Nevada Innovation Zones: Good or Bad? You Decide!
By Shawn Wood
In his State of the State address January 19th, Governor Sisolak of Nevada pitched a new proposal to attract ‘innovative’ tech companies to the state and rebuild the economy after the devastating impact of the pandemic. The proposed bill would enact “innovation zones”, essentially cities that would be built and temporarily controlled by companies, with all the powers and responsibilities of Nevada counties. Many opponents of the proposal compare the zones to “company towns”, towns where all stores and housing is owned by one company. The difference lies in governance, the innovation zones will have a governor appointed board, who have all the powers of county commissioners. Elections for those positions start when there are 100 registered voters. (1)
One of the issues with this form of incentive is the amount of power many of these tech companies all ready wield. We already live in a world where companies like Google, Facebook and Microsoft have unprecedented power over the lives of everyday citizens, more power than most countries have over their own population. Able to shape political discourse and drive media narratives in a way that rivals even the Chinese Communist Party, giving them more power over citizenry is something we should avoid as a nation and as the state of Nevada.
Another issue raised is the desire for these cities to be built with innovative technologies embedded into the very foundation and the implications that could have on the communities. Blockchain Inc, one of the companies that have expressed interest in this program, has stated that they intend to integrate blockchain technologies in everything they build. Blockchain in an amazing technology that could enrich the lives of those in the city, but it could also be used for tyranny. It all depends on the programmers and if the code is open source. Building a city with these technologies sound good on paper, but without the guiding hand of the free market and competition, it can give rise to powerful monopolies that could limit freedoms enjoyed by the people of the cities.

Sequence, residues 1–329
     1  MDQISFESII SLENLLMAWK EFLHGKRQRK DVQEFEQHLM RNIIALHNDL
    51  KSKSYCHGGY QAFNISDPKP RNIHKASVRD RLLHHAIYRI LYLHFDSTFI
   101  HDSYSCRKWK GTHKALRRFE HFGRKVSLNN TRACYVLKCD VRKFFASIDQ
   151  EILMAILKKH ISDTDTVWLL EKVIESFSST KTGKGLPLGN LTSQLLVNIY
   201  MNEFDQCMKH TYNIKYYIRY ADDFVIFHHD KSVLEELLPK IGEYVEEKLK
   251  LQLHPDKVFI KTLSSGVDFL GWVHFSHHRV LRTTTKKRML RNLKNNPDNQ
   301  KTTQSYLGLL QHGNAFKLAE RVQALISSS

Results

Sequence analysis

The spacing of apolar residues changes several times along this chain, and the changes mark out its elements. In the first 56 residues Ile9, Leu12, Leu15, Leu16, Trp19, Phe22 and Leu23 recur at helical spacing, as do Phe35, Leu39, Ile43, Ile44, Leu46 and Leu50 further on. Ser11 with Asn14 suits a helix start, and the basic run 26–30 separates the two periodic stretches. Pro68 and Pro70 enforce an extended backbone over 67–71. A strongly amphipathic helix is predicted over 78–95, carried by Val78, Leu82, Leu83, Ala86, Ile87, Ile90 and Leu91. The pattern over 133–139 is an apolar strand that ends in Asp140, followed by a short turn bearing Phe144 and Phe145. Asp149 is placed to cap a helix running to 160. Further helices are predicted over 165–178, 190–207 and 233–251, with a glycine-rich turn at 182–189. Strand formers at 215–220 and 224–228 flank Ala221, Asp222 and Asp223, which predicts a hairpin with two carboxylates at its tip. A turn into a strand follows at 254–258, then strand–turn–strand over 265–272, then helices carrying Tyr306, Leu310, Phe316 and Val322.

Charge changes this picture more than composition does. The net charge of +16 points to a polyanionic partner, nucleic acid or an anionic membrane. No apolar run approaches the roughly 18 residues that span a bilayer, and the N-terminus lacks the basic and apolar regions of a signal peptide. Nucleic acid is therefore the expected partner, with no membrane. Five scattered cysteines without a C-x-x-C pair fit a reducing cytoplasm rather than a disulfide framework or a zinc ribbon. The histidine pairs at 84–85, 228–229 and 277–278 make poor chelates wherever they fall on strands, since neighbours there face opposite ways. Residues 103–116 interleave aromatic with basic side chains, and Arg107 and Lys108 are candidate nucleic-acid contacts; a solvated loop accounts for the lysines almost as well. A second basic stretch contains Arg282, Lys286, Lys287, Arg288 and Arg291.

Many Nevada Republicans are against the concept on a more political level.(2) The fact is that most tech companies are primarily owned and ran by Democrats and that by building cities in rural areas, they will forever change the state into a Democrat stronghold. Rural counties are also against this as it could take away precious natural resources, like water, and leave them without representation.
Nevada does need to diversify its economy, 50% of our workforce work in tourism related fields.(3) Our mining industry is strong, producing 3/4 of all the gold in the US. To put that in perspective, if Nevada was a country it would be the 5th largest gold producing country in the world. Mayor John Lee of North Las Vegas has been able to bring Amazon to the state without the need of controversial bills, bringing thousands of jobs to southern Nevada.(4)
Governor Sisolak has announced that he is not pushing for the legislation to be voted on this year, due to the blowback from his own party and the short legislative session that Nevada has.(5) He has called for a interim committee to study the idea and rework the bill into a more bipartisan approved version.
A great breakdown of the bill as stands can be found here: